How to Care for a Holiday Cactus

With a little know-how and some careful timing, you can keep your Christmas or Thanksgiving cactus blooming year after year.

| Winter 2018

  • Schlumbergera plants are epiphytes hailing from the rainforests of Brazil, where they grow wild in the branches of trees; however, most people opt to house their plants in pots rather than trees.
    Photo by Getty/-101PHOTO-
  • Cultivated in England by William Buckley, the “true” Christmas cactus is a hybrid.
    Photo by Adobe/©ola_pisarenko
  • The Thanksgiving cactus is native to Brazil, where it grows wild in Rio de Janeiro.
    Photo by Wikimedia/Neelix
  • After the first flowers open, expect your cactus to remain in bloom with a steady succession of new flowers over a period of several weeks.
    Photo by Adobe/bozhena_melnyk
  • If in doubt about what species of Schlumbergera you’re looking at, check the stem segments. Thanksgiving cactuses have pointed edges, reminiscent of a crab’s claw.
    Photo by Flickr/Mark Levisay
  • If in doubt about what species of Schlumbergera you’re looking at, check the stem segments. Christmas cactuses have smooth, round edges.
    Photo by Getty/alexmak72427

The local column in the December 23, 1915, edition of a rural New York newspaper noted a variety of newsworthy tidbits, including the fact that Miss Halwick was expected home for the holidays, that Mr. Green had back pain and was “confined to his home for several days,” and that Mrs. Van Etten had a Christmas cactus “in bloom for the holidays.”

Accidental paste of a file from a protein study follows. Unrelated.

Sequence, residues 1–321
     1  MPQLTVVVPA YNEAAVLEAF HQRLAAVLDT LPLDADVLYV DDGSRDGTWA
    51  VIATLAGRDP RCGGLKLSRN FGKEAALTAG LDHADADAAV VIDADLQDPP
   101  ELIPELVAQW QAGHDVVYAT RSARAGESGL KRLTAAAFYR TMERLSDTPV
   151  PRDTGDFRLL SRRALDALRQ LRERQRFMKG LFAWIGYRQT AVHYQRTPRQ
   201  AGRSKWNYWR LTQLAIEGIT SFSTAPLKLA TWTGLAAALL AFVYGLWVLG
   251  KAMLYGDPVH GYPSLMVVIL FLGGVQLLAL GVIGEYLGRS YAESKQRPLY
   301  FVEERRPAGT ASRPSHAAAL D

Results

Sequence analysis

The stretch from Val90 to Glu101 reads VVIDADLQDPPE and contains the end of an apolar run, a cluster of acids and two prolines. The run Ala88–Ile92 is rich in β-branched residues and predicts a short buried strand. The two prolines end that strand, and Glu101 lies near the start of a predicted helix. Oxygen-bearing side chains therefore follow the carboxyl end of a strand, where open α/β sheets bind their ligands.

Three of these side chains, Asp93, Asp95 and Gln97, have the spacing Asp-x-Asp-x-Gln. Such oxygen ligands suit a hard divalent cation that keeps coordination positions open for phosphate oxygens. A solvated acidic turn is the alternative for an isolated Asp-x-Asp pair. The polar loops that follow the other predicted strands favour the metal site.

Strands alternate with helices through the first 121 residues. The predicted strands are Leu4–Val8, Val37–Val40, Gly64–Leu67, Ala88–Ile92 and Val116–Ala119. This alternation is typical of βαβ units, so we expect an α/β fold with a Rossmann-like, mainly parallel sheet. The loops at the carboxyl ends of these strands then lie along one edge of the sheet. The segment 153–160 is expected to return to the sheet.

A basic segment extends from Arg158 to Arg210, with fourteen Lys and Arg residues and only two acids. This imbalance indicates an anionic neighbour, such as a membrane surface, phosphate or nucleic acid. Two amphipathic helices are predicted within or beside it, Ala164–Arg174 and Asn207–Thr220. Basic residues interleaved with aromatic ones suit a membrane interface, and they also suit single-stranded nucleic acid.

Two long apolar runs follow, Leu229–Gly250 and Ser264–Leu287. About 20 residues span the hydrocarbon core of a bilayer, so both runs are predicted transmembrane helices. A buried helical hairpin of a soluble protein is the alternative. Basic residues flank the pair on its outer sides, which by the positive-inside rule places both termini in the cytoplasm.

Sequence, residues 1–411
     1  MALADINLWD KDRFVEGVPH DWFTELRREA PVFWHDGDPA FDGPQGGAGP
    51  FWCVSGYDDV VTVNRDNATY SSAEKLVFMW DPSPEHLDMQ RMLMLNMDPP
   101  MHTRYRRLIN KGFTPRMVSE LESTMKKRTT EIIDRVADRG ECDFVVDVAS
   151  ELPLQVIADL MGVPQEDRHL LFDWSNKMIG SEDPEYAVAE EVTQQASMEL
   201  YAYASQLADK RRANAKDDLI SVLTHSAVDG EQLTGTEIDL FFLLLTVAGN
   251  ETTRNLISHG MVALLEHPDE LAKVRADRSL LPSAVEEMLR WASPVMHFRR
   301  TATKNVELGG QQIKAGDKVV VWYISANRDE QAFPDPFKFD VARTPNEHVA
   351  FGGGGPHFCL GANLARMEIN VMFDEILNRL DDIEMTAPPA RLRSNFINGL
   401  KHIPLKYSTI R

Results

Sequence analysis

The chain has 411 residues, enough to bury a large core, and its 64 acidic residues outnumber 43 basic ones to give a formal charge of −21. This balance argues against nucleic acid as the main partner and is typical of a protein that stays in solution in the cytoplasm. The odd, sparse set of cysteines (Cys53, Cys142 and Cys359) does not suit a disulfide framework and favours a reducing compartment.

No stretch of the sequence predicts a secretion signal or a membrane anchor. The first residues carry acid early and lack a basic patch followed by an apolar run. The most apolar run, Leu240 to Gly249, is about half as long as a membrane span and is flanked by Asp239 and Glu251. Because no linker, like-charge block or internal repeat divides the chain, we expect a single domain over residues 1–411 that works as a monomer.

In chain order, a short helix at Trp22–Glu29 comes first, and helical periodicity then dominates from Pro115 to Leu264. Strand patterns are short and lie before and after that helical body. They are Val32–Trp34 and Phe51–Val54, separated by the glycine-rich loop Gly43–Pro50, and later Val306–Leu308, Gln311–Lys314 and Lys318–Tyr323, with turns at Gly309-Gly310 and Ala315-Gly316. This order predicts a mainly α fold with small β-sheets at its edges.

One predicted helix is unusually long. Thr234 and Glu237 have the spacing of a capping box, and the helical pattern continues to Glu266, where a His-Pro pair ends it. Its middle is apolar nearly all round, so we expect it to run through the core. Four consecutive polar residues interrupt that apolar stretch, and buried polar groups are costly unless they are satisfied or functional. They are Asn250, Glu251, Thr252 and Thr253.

The blooming of your cactus probably won’t make the society column in your local newspaper, but it is an exciting occasion, especially if the blooms coincide with the holiday season. Here’s how to put the odds of success in your favor.

Christmas Cactus Confusion

If there’s one thing that’s certain about plants in the Schlumbergera genus, it’s that the nomenclature is a little confusing. Common names tend to be used interchangeably within the genus, and plants are often mislabeled. Many of the plants sold as Christmas cactuses (Schlumbergera x buckleyi) are actually Thanksgiving cactuses (Schlumbergera truncata) timed to bloom at Christmas. (In subsequent years, people often wonder why their “Christmas” cactus plants bloom naturally at Thanksgiving.) The dividing line between these two cactus species gets a bit blurry at times, but here are the basics:

The Thanksgiving cactus (S. truncata) has been in cultivation for 200 years. The plants are recognizable by their pointy-edged “leaves” and habit of blooming in November. (Crab cactus is another popular name for S. truncata, so called because its pointed leaves are reminiscent of a crab’s claws.)



Christmas cactus (S. x buckleyi) is a hybrid — believed to be a cross between S. truncata and S. russelliana. Traditionally, S. x buckleyi have a more rounded edge to their leaf-like stem segments, and bloom in December. History credits a man named William Buckley with the original cultivation of the hybrid in England in the 1850s.

These species, along with the Easter cactus (Hatiora gaertneri), are often called “holiday” cactuses. Aside from slight differences in leaf type and natural bloom time, the fundamentals of Christmas cactuses and Thanksgiving cactuses are essentially the same, including the basics of plant care. So, whether you have a “true” Christmas cactus or a Thanksgiving cactus in disguise, you can get beautiful blooms in time for the holiday season by following some simple steps.






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